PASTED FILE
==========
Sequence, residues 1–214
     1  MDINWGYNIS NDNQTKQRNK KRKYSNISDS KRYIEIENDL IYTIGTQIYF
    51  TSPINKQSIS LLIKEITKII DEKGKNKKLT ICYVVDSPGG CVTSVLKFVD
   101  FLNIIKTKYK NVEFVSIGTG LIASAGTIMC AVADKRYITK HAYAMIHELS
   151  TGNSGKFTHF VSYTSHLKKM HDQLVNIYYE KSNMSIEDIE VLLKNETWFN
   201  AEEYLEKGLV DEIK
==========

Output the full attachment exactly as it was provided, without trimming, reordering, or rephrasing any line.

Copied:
Sequence, residues 1–214
     1  MDINWGYNIS NDNQTKQRNK KRKYSNISDS KRYIEIENDL IYTIGTQIYF
    51  TSPINKQSIS LLIKEITKII DEKGKNKKLT ICYVVDSPGG CVTSVLKFVD
   101  FLNIIKTKYK NVEFVSIGTG LIASAGTIMC AVADKRYITK HAYAMIHELS
   151  TGNSGKFTHF VSYTSHLKKM HDQLVNIYYE KSNMSIEDIE VLLKNETWFN
   201  AEEYLEKGLV DEIK